How precious metals like gold, silver, and bronze ended up making the coins for ordinary, non-rich people

Gold, silver, and bronze—the materials from which coins were made—had long been the media of international trade; but until that time, only the rich actually had much in their possession.

A typical Sumerian farmer may well have never had occasion to hold a substantial piece of silver in his hand, except perhaps at his wedding. Most precious metals took the form of wealthy women’s anklets and heirloom chalices presented by kings to their retainers, or it was simply stockpiled in temples, in ingot form, as sureties for loans.

Somehow, during the Axial Age, all this began to change. Large amounts of silver, gold, and copper were dethesaurized, as the economic historians like to say; it was removed from the temples and houses of the rich and placed in the hands of ordinary people, was broken into tinier pieces, and began to be used in everyday transactions. How?

Israeli Classicist David Schaps provides the most plausible suggestion: most of it was stolen. This was a period of generalized warfare, and it is in the nature of war that precious things are plundered.
Soldiers who plunder may indeed go first for the women, the alcoholic drinks, or the food, but they will also be looking around for things of value that are easily portable.

A long-term standing army will tend to accumulate many things that are valuable and portable—and the most valuable and portable items are precious metals and precious stones. It may well have been the protracted wars among the states of these areas that first produced a large population of people with precious metal in their possession and a need for everyday necessities:

Where there are people who want to buy there will be people willing to sell, as innumerable tracts on black markets, drug dealing, and prostitution point out.

The constant warfare of the archaic age of Greece, of the Janapadas of India, of the Warring States of China, was a powerful impetus for the development of market trade, and in particular for market trade based on the exchange of precious metal, usually in small amounts.
If plunder brought precious metal into the hands of the soldiers, the market will have spread it through the population.

Now, one might object: but surely, war and plunder were nothing new. The Homeric epics, for instance, show a well-nigh obsessive interest in the division of the spoils. True, but what the Axial Age also saw—again, equally in China, India, and the Aegean—was the rise of a new kind of army, made up not of aristocratic warriors and their retainers, but trained professionals.

The period when the Greeks began to use coinage, for instance, was also the period when they developed their famous phalanx tactics, which required constant drill and training of the hoplite soldiers. The results were so extraordinarily effective that Greek mercenaries were soon being sought after from Egypt to Crimea. But unlike the Homeric retainers, who could simply be ignored, an army of trained mercenaries needs to be rewarded in some meaningful way.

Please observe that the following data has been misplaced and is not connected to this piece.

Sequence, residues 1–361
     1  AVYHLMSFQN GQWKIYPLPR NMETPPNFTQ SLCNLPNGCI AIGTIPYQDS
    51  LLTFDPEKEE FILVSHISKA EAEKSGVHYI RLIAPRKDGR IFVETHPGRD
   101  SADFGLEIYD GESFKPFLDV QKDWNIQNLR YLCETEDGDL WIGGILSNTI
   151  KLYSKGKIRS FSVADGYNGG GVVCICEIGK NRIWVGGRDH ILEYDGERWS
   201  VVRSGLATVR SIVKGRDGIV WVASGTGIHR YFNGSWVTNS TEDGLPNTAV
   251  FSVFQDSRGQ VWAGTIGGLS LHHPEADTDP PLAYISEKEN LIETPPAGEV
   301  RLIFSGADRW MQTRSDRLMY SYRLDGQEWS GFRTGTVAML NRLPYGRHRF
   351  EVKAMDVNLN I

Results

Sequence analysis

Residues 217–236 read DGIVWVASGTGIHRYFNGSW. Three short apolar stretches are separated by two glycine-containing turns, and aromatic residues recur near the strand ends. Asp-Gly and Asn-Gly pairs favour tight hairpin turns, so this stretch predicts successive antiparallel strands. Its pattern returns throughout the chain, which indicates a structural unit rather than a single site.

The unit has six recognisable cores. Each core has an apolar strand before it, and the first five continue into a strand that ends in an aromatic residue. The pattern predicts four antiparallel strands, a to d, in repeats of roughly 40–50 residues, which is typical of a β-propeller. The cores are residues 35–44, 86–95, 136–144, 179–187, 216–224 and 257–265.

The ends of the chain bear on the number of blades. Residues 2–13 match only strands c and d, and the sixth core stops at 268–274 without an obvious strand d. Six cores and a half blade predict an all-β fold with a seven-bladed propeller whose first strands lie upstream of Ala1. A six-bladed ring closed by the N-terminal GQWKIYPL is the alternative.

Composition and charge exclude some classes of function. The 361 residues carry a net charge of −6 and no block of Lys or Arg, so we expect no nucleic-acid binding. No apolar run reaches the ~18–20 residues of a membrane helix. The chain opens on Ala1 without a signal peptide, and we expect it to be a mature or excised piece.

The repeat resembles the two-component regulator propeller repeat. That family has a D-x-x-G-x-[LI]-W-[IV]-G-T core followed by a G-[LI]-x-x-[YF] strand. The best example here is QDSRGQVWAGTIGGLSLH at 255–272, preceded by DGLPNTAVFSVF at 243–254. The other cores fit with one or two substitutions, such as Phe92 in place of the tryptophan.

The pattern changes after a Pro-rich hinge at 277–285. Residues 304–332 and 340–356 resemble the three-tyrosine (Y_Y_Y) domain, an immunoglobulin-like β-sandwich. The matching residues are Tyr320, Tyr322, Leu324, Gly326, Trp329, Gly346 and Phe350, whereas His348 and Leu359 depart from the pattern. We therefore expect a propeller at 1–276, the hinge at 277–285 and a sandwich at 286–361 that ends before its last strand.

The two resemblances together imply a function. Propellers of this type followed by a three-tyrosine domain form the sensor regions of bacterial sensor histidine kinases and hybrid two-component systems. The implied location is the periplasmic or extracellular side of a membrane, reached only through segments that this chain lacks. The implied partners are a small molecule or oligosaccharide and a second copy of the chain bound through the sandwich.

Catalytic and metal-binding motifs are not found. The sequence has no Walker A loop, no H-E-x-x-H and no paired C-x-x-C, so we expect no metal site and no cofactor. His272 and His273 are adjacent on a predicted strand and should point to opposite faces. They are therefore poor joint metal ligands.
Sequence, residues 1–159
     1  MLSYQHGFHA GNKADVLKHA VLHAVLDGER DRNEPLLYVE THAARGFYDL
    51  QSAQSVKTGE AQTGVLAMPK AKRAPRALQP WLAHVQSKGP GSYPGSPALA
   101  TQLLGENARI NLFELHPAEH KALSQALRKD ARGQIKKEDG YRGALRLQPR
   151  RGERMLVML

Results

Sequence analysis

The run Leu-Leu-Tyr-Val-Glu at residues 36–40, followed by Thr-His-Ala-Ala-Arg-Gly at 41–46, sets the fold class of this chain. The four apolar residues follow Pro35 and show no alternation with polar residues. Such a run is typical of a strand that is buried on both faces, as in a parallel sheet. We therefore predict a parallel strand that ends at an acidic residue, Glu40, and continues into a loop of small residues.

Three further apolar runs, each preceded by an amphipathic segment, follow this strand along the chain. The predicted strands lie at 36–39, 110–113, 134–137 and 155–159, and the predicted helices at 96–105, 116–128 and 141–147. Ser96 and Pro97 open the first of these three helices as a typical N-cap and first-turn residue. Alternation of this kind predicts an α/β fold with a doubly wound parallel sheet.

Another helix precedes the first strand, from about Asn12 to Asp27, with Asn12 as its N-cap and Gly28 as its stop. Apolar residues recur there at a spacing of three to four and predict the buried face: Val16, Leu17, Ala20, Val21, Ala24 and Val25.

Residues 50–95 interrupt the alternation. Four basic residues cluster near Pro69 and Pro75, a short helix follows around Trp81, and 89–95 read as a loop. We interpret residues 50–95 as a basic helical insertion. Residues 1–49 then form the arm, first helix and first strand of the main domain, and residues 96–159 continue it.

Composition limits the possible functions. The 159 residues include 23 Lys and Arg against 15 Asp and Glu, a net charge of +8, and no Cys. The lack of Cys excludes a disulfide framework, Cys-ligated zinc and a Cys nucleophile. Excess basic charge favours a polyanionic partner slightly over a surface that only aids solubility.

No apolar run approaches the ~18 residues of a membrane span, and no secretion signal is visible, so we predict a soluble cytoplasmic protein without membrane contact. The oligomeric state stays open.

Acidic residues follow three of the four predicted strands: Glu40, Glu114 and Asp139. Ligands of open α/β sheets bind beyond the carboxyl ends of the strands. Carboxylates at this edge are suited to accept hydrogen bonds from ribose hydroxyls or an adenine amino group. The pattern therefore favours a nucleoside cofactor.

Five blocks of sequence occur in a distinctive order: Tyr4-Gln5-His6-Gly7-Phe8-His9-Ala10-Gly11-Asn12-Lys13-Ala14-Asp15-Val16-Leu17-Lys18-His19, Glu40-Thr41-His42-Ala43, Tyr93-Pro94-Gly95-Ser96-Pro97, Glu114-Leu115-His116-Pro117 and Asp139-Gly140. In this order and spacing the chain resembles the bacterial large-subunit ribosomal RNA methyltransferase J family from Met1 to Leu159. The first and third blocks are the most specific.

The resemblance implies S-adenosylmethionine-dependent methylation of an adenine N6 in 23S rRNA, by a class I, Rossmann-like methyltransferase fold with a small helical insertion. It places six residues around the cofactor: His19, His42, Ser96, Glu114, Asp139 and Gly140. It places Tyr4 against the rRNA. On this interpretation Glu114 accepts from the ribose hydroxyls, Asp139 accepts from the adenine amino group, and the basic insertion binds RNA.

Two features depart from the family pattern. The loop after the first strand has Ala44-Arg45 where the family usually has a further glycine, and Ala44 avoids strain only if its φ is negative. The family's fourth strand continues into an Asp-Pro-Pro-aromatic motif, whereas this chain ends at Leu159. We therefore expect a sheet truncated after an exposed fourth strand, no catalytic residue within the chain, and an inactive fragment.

One could perhaps provide them all with livestock, but livestock are hard to transport; or with promissory notes, but these would be worthless in the mercenaries’ own country. Allowing each a tiny share of the plunder does seem an obvious solution.

These new armies were, directly or indirectly, under the control of governments, and it took governments to turn these chunks of metal into genuine currency.

The main reason for this is simple capacity: to create enough coins that the people could begin to use them in everyday transactions required mass production on a scale far beyond the abilities of local merchants or smiths.

Of course, we have already seen why governments might have incentive to do so: the existence of markets was highly convenient for governments, and not just because it made it so much easier for them to provision large standing armies.

By insisting that only their own coins were acceptable as fees, fines, or taxes, governments were able to overwhelm the innumerable social currencies that already existed in their hinterlands, and to establish something like uniform national markets.

Actually, one theory is that the very first Lydian coins were invented explicitly to pay mercenaries. This might help explain why the Greeks, who supplied most of the mercenaries, so quickly became accustomed to the use of coins, and why the use of coinage spread so quickly across the Hellenic world, so that by 480 BC there were at least one hundred mints operating in different Greek cities, even though at that time, none of the great trading nations of the Mediterranean had as yet showed the slightest interest in them.

The Phoenicians, for example, were considered the consummate merchants and bankers of antiquity. They were also great inventors, having been the first to develop both the alphabet and the abacus. Yet for centuries after the invention of coinage, they preferred to continue conducting business as they always had, with unwrought ingots and promissory notes.

Phoenician cities struck no coins until 365 BC, and while Carthage, the great Phoenician colony in North Africa that came to dominate commerce in the Western Mediterranean, did so a bit earlier, it was only when “forced to do so to pay Sicilian mercenaries; and its issues were marked in Punic, ‘for the people of the camp.’”